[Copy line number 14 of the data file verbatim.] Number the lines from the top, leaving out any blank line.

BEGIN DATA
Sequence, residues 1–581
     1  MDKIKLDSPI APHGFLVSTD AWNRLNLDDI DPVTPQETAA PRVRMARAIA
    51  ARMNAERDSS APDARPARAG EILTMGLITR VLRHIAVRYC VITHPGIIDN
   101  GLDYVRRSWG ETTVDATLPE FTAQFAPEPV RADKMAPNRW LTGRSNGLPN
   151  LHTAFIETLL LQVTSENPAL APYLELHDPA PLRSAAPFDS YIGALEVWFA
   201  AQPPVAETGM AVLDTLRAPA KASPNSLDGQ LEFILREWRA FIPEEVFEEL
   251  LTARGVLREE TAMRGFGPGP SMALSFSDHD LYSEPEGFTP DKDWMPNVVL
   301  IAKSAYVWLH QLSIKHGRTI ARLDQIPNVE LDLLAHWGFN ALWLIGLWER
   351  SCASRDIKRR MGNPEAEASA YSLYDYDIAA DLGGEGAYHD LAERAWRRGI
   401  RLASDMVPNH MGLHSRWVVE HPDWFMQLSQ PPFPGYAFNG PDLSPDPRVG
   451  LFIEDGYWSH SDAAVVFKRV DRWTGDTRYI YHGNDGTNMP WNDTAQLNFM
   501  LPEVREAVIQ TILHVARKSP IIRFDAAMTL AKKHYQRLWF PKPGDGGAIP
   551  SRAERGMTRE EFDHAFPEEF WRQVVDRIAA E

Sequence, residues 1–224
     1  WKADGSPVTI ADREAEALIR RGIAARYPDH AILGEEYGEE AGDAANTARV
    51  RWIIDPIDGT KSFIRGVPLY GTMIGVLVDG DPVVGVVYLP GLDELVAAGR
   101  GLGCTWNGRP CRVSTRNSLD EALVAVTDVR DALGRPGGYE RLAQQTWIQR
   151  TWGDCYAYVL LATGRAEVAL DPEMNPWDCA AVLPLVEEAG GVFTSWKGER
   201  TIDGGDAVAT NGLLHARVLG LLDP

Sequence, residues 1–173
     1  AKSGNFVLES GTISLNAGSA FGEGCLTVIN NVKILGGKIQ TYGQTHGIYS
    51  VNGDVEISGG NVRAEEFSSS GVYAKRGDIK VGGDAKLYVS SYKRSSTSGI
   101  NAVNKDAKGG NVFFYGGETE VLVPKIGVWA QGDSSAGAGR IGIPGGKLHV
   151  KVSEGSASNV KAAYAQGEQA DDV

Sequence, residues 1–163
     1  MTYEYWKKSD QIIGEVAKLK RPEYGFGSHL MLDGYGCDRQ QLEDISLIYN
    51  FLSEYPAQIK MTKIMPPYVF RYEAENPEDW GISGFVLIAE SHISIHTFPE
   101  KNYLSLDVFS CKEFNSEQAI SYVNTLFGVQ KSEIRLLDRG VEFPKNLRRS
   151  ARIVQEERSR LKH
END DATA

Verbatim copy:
Sequence, residues 1–224